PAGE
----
LET’ US, for the moment, set aside England’s risible recent record at major tournaments.
In qualifying football, the Three Lions have been a team in a hurry who opponents find hard to stop.
Having booked a place at Euro 2016 with a perfect 10 victories, the national side are once again firmly on course to reach next year’s World Cup.
Thirteen points at the halfway stage and no goals conceded – the only remaining European country boasting such a record – means it is surely a case of when and not if Gareth Southgate’s side book a safe passage to Russia.
Kind draws have helped, of course. As with the last qualifying cycle, this is a pretty wretched group with Slovenia, ranked 58th in the world by FIFA, looking the country most likely to earn a play-off place via runners-up spot.
But, a team can only beat what is in front of them and, in that respect, England are dispatching the hotchpotch of footballing also-rans that make up the rest of Group F.
And, while Southgate’s men toiled before seeing off a limited if hard-working Lithuanian outfit, the victory had become comfortable long before the final whistle.
Jermain Defoe and Jamie Vardy found the net and were the big winners on an evening when proceedings had the air of a testimonial, such was the lack of urgency at times.
Raheem Sterling also looked dangerous when running at the visitors during a lively first-half display, while Michael Keane stepped in admirably for his competitive debut alongside John Stones, and Adam Lallana caused problems.
Even these contributions, though, were steady rather than spectacular against a visiting side whose only win this season came at the expense of minnows Malta.
As for the rest, Alex Oxlade-Chamberlain may well have played his way out of contention for a starting place with England.
Charged with sitting in front of the back four alongside Eric Dier, he looked spectacularly ill-equipped for such a role.
The Arsenal man was sloppiness personified, particularly during an opening 45 minutes when he continually gifted possession to the visitors.
Dier was not much better, while Joe Hart, despite having little to do, came very close to being embarrassed by the quick thinking of Nerijus Valskis in first-half stoppage-time to suggest maybe Pep Guardiola knew what he was doing when jettisoning the England goalkeeper last summer.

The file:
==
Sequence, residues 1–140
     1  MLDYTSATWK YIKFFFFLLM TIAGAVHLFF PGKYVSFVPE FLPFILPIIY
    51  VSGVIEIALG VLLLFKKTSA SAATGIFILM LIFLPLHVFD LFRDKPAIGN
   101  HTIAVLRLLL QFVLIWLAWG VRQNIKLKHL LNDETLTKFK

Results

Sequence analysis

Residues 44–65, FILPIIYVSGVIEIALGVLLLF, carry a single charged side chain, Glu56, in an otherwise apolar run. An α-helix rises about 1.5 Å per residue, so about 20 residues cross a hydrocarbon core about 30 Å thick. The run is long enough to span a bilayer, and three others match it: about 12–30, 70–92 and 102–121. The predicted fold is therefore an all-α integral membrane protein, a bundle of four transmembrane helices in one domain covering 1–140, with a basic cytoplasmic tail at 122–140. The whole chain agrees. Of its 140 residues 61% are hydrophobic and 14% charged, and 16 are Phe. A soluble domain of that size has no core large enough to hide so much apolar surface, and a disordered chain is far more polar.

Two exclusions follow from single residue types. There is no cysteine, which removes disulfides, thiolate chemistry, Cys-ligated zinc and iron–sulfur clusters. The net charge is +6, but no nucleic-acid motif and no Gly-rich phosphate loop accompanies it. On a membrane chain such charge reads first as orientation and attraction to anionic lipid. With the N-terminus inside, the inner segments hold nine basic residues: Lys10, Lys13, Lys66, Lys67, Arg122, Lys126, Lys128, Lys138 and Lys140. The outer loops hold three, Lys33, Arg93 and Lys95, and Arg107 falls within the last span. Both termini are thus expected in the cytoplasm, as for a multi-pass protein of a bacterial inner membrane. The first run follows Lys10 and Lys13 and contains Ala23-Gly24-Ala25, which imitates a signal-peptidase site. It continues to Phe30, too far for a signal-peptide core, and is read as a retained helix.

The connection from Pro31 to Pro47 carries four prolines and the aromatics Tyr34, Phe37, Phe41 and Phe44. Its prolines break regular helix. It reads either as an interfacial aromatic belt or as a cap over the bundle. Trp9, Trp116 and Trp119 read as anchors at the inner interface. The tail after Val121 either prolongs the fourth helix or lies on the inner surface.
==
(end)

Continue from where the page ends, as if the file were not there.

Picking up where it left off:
Plenty, therefore, for Southgate to ponder between now and his side’s next outing against Scotland at Hampden Park on June 10.
Certainly, amid what is likely to be a crackling atmosphere north of the Border, England will have to have more about them than what was needed to see off Lithuania.
As was to be expected considering the limited ambitions of the Baltic country, the hosts dominated possession due to Lithuania retreating so deep at times that goalkeeper Ernestas Setkus had to nudge a couple of team-mates forward as they strayed into his territory.
For much of a dour contest, the hosts failed to make this dominance pay.
A tendency to take three or four touches when one would have sufficed was a problem, as was a lack of tempo and their passing radar being slightly off.
In and among this mediocrity, however, were moments of inspiration and the opening goal on 21 minutes came during just such a passage of play.
Defoe, recalled due to Southgate believing he was the ideal man to unlock an ultra defensive visiting side, justified his manager’s faith with a typically predatory finish.
Sterling created the opening, his forceful run leaving Egidijus Vaitkunas trailing horribly in the wake of the Manchester City winger as he darted towards the goal-line.
His drilled cross then took Linas Klimavicius out of the equation to leave Defoe, displaying that unerring knack of being in the right place at the right time, with a chance the Sunderland striker was not going to pass up.
Defoe’s 20th international goal made up for the frustration of having been denied a header at goal just couple of minutes earlier by a timely flick to safety from Vaitkunas.
Once ahead, the hosts relaxed and Defoe dragged a shot wide from 20 yards before the arrival of Lithuania’s one moment of threat in the first half.
Valskis, despite being stood at least three yards offside when reacting to a towering header from Linas Limavicius, was allowed to play on and beat Hart to the bouncing ball only for Stones to avert the danger by clearing inside the six-yard box.
Any hopes that the 800 or so travelling fans had that this might point to their side getting back into the contest proved wide of the mark, albeit only after Arvydas Novikovas had warmed the hands of Hart with a drilled effort seven minutes after the restart.
Vardy’s composed finish following neat inter-play between Kyle Walker and Adam Lallana ended any Lithuanian resistance midway through the second half.
The former FC Halifax Town striker then had an opportunity to claim his seventh international goal 10 minutes from time, but his lobbed shot from 15 yards flew harmlessly over the crossbar.
This was the cue for many in the 77,690 crowd to head for the exits in an attempt to beat the rush for the Tube.
They did so knowing that Southgate’s side are, once again, well on their way to a major finals.
On yesterday’s evidence, however, next year’s World Cup is when the all-too-familiar problems for a Three Lions side that remains average at best are likely to be exposed once again.